*This preview shows
pages
1–3. Sign up to
view the full content.*

CHAPTER 9
Vector Differential Calculus. Grad, Div, Curl
This chapter is independent of the previous two chapters (7 and 8).
Changes
The differential–geometric theory of curves in space and in the plane, which in the previous
edition was distributed over three consecutive sections, along with its application in
mechanics, is now streamlined and shortened and presented in a single section, with a
discussion of tangential and normal acceleration in a more concrete fashion.
Formulas for grad, div, and curl in
curvilinear coordinates
are placed for reference in
App. A3.4.
SECTION 9.1. Vector in 2-Space and 3-Space, page 364
Purpose.
We introduce vectors in 3-space given geometrically by (families of parallel)
directed segments or algebraically by ordered triples of real numbers, and we define
addition of vectors and scalar multiplication (multiplication of vectors by numbers).
Main Content, Important Concepts
Vector, norm (length), unit vector, components
Addition of vectors, scalar multiplication
Vector space
R
3
, linear independence, basis
Comments on Content
Our discussions in the whole chapter will be independent of Chaps. 7 and 8, and there
will be no more need for writing vectors as columns and for distinguishing between row
and column vectors. Our notation
a
5
[
a
1
,
a
2
,
a
3
] is compatible with that in Chap. 7.
Engineers seem to like both notations
a
5
[
a
1
,
a
2
,
a
3
]
5
a
1
i
1
a
2
j
1
a
3
k,
preferring the first for “short” components and the second in the case of longer expressions.
The student is supposed to understand that the whole vector algebra (and vector calculus)
has resulted from applications, with concepts that are practical, that is, they are “made to
measure” for standard needs and situations; thus, in this section, the two algebraic
operations resulted from forces (forming resultants and changing magnitudes of forces);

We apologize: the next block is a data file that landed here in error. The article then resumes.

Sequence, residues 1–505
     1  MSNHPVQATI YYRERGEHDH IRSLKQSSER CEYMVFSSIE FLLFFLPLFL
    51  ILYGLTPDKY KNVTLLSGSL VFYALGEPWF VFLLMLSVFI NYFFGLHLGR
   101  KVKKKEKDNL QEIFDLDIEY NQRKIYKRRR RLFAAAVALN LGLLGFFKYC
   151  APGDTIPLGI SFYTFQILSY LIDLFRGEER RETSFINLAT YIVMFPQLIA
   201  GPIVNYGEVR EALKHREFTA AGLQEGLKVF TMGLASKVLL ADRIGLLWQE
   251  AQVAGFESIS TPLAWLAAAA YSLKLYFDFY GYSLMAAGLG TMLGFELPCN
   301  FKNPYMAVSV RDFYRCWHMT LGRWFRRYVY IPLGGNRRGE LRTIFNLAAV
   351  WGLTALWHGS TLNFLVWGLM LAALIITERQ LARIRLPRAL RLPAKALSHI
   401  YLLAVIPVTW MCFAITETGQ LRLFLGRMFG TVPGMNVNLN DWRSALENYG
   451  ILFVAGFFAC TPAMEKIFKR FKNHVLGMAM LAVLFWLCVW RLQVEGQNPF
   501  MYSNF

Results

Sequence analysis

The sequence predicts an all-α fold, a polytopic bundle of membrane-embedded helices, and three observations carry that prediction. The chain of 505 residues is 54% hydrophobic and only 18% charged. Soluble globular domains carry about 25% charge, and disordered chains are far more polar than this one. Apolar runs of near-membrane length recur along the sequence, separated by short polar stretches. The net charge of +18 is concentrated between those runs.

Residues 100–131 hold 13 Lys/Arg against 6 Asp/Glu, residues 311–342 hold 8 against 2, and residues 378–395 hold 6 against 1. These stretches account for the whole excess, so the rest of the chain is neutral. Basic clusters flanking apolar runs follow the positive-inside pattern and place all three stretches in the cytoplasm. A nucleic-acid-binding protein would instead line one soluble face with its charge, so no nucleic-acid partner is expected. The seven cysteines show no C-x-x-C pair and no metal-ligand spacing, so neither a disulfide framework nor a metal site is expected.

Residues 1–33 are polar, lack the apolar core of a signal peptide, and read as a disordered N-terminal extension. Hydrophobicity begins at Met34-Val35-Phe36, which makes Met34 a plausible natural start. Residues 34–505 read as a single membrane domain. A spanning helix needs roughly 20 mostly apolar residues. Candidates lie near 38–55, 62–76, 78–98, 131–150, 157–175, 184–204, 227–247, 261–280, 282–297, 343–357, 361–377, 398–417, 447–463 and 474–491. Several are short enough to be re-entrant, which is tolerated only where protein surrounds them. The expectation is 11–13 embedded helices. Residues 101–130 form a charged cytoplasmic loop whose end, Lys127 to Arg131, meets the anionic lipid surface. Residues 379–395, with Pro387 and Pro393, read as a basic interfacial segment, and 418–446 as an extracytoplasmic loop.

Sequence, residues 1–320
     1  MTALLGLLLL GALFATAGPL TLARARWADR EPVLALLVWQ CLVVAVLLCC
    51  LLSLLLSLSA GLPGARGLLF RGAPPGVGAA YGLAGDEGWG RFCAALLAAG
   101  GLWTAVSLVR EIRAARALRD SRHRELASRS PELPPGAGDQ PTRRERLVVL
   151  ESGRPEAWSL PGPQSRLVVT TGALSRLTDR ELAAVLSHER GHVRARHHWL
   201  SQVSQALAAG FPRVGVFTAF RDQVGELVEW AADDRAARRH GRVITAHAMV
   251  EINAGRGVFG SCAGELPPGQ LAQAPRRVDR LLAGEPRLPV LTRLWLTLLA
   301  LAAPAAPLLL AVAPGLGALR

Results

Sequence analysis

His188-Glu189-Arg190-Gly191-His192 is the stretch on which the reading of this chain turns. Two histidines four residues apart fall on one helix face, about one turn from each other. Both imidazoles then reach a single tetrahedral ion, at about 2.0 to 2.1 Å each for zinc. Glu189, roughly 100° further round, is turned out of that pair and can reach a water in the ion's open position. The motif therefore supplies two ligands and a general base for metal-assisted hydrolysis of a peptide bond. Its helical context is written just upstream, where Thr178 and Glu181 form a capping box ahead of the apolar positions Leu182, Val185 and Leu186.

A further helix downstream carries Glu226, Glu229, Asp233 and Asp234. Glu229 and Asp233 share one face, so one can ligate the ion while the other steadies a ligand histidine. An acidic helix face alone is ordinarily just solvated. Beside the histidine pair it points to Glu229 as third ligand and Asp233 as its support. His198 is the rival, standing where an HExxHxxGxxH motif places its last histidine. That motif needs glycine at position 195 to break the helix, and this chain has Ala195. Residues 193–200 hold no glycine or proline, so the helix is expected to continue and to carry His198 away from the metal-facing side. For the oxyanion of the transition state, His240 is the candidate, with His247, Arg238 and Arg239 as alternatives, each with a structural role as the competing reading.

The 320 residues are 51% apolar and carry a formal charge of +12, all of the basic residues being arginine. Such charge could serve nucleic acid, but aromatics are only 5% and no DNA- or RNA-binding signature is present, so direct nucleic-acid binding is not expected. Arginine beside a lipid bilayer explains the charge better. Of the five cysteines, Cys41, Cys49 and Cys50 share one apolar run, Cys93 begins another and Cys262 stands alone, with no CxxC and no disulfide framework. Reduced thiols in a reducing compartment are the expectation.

similarly in the next sections. The restriction to three dimensions (as opposed to
n
dimensions in the previous two chapters) allows us to “visualize” concepts, relations, and
results and to give geometrical explanations and interpretations.
On a higher level, the equivalence of the geometric and the algebraic approach
(Theorem 1) would require a consideration of how the various triples of numbers for
the various choices of coordinate systems must be related (in terms of coordinate
transformations) for a vector to have a norm and direction independent of the choice of
coordinate systems.
Teaching experience makes it advisable to cover the material in this first section rather
slowly and to assign relatively many problems, so that the student gets a feel for vectors
in
R
3
(and
R
2
) and the interrelation between algebraic and geometric aspects.
174
im09.qxd
9/21/05
12:15 PM
Page 174

This ** preview**
has intentionally

**sections.**

*blurred***to view the full version.**

*Sign up*SOLUTION TO PROBLEM SET 9.1, page 370
2.
The components are
2
5,
2
5,
2
5. The length is 5
Ï
3
w
. Hence the unit vector in the
direction of
v
is [
2
1/
Ï
3
w
,
2
1/
Ï
3
w
,
2
1/
Ï
3
w
].

This is the end of the preview. Sign up
to
access the rest of the document.